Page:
You are being forced to buy a converter box for your TV so that thegovernment can use the TV broadca

Discussion in 'Java' started by Hank Kroll, Nov 26, 2008.

  1. Hank Kroll

    Hank Kroll Guest

    Bush Administration: Dismiss RFID ‘Mark of the Beast’ Lawsuit
    David Kravets – November 14, 2008

    The Bush administration on Thursday urged a federal judge to dismiss a
    lawsuit brought by a group of Amish farmers in Michigan claiming RFID
    chips required on cattle "are a mark of the beast."

    The Amish farmers claim (.pdf) Michigan regulations requiring them to
    use radio frequency identification devices on their cattle
    "constitutes some form of a 'mark of the beast' and/or represents an
    infringement of their 'dominion over cattle and all living things' in
    violation of their fundamental religious beliefs," according to the
    farmers' lawsuit filed in September in U.S. District Court for the
    District of Columbia.

    In response to the charges, the United States Department of
    Agriculture wrote (.pdf) Thursday that its RFID tagging program is a
    voluntary measure to help agricultural officials track bovine and
    other livestock diseases. The USDA said the lawsuit should be directed
    at Michigan, which adopted RFID requirements last year.

    The case should be dismissed, the administration wrote, "because
    plaintiffs cannot establish that any rule issued or action taken by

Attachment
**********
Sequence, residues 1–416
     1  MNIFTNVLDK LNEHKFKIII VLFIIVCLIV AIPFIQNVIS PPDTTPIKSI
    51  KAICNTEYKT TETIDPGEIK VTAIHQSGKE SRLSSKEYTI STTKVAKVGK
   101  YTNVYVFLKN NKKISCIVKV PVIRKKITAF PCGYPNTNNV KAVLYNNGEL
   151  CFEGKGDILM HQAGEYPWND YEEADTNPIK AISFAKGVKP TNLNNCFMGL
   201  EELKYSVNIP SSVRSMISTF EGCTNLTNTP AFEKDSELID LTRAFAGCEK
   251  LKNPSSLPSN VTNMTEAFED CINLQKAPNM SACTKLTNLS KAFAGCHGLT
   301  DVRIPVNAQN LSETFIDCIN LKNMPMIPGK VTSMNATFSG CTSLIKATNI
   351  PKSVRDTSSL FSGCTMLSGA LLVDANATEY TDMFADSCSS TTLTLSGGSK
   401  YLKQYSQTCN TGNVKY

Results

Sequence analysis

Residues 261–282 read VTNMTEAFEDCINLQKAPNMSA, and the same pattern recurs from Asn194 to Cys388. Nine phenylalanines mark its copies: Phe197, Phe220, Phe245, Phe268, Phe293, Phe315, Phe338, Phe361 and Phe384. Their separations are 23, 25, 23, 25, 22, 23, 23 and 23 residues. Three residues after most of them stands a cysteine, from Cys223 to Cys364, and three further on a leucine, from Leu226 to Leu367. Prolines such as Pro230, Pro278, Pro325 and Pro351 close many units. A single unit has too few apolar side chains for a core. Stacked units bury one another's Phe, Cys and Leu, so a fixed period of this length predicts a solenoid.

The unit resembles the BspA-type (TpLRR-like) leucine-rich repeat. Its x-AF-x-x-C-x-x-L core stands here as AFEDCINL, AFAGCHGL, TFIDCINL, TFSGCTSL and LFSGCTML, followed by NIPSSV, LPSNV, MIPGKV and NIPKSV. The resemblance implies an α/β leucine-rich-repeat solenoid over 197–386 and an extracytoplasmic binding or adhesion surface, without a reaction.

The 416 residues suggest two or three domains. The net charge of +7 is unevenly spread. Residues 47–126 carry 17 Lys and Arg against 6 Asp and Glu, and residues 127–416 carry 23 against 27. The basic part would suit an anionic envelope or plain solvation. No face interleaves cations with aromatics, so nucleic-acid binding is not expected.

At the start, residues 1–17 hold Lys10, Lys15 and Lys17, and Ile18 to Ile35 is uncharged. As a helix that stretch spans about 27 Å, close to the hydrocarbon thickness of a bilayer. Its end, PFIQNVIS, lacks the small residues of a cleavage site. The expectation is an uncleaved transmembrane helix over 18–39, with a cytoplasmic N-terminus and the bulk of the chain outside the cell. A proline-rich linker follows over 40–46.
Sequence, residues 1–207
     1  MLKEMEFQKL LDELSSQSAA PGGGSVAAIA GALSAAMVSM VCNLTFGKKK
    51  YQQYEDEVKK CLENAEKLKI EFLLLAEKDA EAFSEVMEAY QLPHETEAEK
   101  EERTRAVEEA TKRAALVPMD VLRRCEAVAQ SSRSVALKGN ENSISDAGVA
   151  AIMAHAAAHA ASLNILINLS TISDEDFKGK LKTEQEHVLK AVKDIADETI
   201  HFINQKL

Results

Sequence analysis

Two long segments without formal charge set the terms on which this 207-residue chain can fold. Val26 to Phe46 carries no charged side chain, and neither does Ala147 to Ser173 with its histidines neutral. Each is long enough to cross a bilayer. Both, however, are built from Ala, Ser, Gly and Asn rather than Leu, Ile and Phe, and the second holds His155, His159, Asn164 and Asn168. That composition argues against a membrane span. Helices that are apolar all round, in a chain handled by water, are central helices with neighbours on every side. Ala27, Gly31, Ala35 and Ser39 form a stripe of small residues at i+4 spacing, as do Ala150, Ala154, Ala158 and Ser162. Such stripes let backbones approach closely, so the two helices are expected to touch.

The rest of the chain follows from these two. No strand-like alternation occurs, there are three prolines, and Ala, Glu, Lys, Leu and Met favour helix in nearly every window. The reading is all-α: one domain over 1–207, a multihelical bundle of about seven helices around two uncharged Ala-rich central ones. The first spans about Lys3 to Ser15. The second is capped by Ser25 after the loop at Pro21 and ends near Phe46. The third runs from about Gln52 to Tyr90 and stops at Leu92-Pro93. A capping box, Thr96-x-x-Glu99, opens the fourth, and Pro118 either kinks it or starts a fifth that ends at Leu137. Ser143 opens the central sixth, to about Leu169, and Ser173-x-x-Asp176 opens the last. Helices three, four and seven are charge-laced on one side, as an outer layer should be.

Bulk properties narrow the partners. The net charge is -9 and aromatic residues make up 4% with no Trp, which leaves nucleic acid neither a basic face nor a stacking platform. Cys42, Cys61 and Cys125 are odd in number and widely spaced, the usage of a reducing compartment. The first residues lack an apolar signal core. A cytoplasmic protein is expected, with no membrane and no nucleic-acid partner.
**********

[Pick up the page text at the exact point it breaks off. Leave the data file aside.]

the USDA either mandates the use of RFID tags on livestock located
    within Michigan, or, conversely, prevents the Michigan Department of
    Agriculture from granting appropriate religious exemptions imposed by
    that department."

    The farmers, however, contend the program is a USDA mandate because
    the Michigan law was adapted last year as part of a multi-million
    dollar, federally backed grant program to help eradicate livestock

    As radio frequency identification devices become a daily part of the
    electronic age, RFID technology is increasingly coming under fire for
    allegedly being the mark of Satan. The technology is fast becoming a
    part of passports, payment cards, locking devices and is widely
    expected to replace bar-code labels on consumer goods.

    The Virginia-based Farm-to-Consumer Legal Defense Fund, a 1,400-member
    group, brought the case. Some of its members so staunchly oppose the
    program that "they may have to quit farming," according to the
    lawsuit. Last
    updated 24/11/2008 &
    Hank Kroll, Nov 26, 2008
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